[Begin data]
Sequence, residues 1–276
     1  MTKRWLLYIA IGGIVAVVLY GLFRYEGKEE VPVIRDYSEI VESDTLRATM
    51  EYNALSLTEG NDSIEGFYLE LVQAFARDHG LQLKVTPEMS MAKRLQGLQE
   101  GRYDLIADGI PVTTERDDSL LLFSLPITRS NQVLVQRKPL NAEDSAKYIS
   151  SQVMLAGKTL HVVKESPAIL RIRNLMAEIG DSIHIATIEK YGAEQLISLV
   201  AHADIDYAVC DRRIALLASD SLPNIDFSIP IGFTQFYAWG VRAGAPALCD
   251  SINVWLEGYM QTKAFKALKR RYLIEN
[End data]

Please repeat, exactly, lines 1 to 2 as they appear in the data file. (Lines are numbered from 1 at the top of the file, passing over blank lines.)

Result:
Sequence, residues 1–276
     1  MTKRWLLYIA IGGIVAVVLY GLFRYEGKEE VPVIRDYSEI VESDTLRATM